Though for a girl who had been exposed to a developing country for the first time, my world was flipped upside down and inside out. Nothing felt the same. I cried on my Dad's shoulder when a friend asked if I wanted to get a pedicure.

Travel changes us. I believe that with all my heart. But as time goes on, as we remain "home', it gets easier to settle back in. Suddenly, you don't have a nervous break down in a grocery store. Suddenly, a hot a shower and toilet and pedicure seem pretty nice.

But it's the fences. And here's the deal, I don't dislike fences. I actually find a white picket fence surrounding a garden or patio really beautiful. We currently have a fence.

It's the feeling of comfort, of convenience, of standing still.

Because lately I've prayed a big prayer. I've prayed to be used up, I've prayed for God to hijack my day. I've prayed that He'll make it about Him completely.

But sometimes I pray with hands clenched tight.

I pray to be used up, yes, but in a way that I see fit. My plan's the best plan, right?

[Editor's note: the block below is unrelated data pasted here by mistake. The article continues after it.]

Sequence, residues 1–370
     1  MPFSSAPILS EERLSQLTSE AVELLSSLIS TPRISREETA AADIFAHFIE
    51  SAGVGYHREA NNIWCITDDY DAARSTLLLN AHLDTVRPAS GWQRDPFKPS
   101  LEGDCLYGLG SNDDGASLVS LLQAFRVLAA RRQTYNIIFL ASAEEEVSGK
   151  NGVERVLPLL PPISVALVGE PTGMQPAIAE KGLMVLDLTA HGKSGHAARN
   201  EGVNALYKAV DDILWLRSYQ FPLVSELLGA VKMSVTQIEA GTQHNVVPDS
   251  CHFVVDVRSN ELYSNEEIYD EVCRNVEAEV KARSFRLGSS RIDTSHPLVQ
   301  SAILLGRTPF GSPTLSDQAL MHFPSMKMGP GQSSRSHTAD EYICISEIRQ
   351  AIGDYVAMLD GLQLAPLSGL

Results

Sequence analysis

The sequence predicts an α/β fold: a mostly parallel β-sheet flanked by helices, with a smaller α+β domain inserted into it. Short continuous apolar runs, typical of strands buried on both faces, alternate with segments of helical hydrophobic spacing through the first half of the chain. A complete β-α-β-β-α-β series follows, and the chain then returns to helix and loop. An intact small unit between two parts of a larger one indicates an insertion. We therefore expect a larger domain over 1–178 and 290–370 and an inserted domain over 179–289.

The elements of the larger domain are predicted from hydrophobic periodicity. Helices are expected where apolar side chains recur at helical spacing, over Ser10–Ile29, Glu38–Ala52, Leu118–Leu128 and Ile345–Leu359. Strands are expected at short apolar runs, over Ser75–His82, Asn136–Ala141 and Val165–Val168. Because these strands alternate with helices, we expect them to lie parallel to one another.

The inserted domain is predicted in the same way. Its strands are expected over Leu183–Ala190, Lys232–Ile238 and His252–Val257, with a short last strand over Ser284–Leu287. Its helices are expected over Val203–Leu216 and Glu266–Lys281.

I pray for God to hijack my day. But please Lord, don't inconvenience or change my schedule too much. I've got things to do and people to see.

I'll pray for God to use us, on our street and in this world. And yet I see my neighbors sitting on their front stoop; the little girl with curls blowing bubbles. What if I walked over with some chalk and drew a picture with that little girl and talked with her mom?

There is power in the small acts of love y'all. So much power.

I pray to be ripped of my comforts - a hot shower and warm bed. But God, I really love gathering folks in my home, so having enough space to do that would be helpful.

Do you see what's happening here friend? Clenched fists. An inability to truly surrender. A "me" focus.